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Cell phone activity may predict COVID-19 spread

Cell phone use patterns suggest that when people stay home, coronavirus infection rates go down, researchers say.

For a study published on Monday in JAMA Internal Medicine, they analyzed publicly available de-identified cell phone activity and location data collected between January and May from 2,740 counties across the United States.

After mid-February, when the coronavirus outbreak began, cell phone activity declined significantly in workplaces, stores and restaurants, and mass transit stations and increased in homes – with the greatest initial changes seen in areas with higher rates of COVID-19.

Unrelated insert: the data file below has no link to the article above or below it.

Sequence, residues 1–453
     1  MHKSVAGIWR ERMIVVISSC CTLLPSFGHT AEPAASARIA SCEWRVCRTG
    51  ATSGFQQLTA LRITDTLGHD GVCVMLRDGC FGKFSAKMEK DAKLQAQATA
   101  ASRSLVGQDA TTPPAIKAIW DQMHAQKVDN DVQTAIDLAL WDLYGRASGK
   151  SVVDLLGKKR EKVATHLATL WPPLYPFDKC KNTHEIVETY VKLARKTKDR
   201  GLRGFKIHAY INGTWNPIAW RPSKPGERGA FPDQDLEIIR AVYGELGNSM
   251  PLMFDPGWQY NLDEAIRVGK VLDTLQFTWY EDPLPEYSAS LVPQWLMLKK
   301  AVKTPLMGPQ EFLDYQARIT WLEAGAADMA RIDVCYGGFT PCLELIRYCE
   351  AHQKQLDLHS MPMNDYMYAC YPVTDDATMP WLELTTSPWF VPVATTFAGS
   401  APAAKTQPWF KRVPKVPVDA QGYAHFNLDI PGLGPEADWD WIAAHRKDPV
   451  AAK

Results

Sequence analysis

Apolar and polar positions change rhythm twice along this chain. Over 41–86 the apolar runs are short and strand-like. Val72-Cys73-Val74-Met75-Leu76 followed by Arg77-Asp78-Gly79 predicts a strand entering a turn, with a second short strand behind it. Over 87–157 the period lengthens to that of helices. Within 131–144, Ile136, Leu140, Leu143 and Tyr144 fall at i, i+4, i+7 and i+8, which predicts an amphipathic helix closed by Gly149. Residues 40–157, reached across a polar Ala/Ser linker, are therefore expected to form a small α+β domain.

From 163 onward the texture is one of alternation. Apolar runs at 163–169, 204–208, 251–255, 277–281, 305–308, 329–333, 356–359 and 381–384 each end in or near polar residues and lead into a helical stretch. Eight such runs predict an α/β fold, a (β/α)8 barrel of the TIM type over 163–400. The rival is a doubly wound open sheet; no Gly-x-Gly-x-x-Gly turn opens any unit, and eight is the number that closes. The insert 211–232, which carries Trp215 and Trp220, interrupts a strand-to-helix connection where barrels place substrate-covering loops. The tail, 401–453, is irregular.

Two weeks after cell phone activity shifted away from workplaces and retail locations, the counties with the most pronounced changes had the lowest rates of new COVID-19 cases. “Perhaps reassuringly,” the researchers said, cell phone activity at grocery stores and in areas classified as parks was not strongly associated with rates of growth in COVID-19 cases.

They speculate that publicly available cell phone location data might help health offices better predict COVID-19 growth rates and inform decision about where to implement shutdowns and reopenings

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